Injunctions have traditionally been granted nearly automatically in case of infringement of valid patents. Patentees have realised however that injunctions or merely injunctions threats may be an excellent tool to extract royalties that largely exceed the value of patented inventions. It has become more and more clear that injunctive relief should not always be available. In eBay v. MercExchange, the US Supreme Court adopted a test that allows for greater flexibility in administering injunctions. This decision has attracted a lot of attention in many jurisdictions. This chapter is a comparative overview of various approaches to injunctive relief. It looks at various approaches towards injunctions and various defences available to patent implementers against patentees who demand injunctions. The chapter advocates for various means of flexibility in granting injunctions.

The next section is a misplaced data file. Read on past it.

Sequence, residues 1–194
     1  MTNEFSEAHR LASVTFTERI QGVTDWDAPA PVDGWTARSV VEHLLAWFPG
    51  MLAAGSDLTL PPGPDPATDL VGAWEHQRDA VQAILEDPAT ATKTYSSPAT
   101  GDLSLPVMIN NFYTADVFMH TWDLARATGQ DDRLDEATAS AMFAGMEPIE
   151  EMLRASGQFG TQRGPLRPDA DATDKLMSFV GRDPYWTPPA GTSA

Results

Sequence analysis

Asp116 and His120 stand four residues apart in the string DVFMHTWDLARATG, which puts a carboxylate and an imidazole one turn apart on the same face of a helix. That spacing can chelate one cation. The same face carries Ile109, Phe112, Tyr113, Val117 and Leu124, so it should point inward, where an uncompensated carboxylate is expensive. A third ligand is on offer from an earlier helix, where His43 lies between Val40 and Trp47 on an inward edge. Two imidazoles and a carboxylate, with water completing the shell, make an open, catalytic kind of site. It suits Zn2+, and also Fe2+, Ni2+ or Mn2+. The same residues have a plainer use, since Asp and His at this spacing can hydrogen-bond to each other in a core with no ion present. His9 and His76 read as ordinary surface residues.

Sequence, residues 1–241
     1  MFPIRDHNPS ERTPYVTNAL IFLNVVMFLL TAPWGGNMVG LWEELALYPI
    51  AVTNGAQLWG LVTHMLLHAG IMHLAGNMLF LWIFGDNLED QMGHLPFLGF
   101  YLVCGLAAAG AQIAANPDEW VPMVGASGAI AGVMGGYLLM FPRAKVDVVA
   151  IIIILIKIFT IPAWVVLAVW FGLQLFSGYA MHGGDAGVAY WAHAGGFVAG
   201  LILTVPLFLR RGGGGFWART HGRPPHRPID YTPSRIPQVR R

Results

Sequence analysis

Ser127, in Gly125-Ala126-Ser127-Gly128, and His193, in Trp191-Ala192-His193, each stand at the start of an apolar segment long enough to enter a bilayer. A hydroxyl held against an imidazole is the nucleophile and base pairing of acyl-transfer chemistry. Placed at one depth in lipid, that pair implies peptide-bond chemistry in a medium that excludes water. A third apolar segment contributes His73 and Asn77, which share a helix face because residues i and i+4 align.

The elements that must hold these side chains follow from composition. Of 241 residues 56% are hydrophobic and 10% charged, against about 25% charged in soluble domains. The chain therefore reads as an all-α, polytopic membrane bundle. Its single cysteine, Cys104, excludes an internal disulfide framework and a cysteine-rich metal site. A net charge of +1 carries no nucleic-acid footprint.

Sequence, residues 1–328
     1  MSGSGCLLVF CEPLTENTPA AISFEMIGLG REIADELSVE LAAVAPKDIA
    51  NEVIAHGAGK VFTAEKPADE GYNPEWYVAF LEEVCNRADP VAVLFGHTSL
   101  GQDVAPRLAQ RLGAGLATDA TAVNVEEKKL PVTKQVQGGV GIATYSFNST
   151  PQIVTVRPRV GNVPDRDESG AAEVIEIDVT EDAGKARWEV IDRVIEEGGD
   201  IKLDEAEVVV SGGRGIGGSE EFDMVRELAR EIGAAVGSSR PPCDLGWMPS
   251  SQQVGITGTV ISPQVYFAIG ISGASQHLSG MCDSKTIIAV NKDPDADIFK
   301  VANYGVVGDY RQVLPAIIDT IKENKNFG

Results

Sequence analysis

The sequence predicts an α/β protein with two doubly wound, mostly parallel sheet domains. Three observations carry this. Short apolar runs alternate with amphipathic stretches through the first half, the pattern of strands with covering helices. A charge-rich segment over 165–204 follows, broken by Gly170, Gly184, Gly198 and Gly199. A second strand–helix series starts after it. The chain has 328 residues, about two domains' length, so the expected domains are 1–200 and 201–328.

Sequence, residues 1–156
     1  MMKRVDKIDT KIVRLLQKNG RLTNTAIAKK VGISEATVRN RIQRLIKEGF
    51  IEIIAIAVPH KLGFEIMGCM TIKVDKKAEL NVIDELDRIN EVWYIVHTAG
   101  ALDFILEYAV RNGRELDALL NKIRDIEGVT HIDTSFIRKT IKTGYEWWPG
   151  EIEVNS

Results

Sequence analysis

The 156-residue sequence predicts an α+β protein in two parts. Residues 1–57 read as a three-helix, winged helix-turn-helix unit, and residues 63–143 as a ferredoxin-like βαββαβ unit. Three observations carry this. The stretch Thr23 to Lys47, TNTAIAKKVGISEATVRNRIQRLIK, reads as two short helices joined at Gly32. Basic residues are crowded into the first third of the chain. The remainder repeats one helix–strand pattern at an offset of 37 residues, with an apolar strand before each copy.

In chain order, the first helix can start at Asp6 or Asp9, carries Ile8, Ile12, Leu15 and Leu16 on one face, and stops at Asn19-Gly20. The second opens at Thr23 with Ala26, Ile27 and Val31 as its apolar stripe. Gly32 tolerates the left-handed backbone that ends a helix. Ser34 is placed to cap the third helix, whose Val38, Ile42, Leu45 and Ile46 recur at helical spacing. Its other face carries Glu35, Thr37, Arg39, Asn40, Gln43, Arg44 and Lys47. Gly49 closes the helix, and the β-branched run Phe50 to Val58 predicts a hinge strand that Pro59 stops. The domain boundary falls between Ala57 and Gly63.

Patent pledges, and particularly FRAND commitments made within the context of standard-setting, have attracted growing attention in the European Union. The European Commission dealt with FRAND pledges in its decisions in Motorola and Samsung and previously in Rambus. Questions relating to abuse of dominant position through refusal to license a FRAND pledged patent were also addressed by the Court of Justice of the European Union in a dispute between two Chinese companies: ZTE and Huawei. The concerns addressed in the above-mentioned European cases are similar to the concerns raised in leading non-European jurisdictions, such as the US as well as Japan, China and South Korea. Users of technologies protected by pledged patents, especially SEPs subjected to FRAND commitments made within the standard-setting context, usually invest substantial resources in order to implement such technologies. As a result of their investment the implementers are locked in to such technologies and therefore may be forced to accept unfavorable licensing terms offered by patent owners when threatened with injunctions.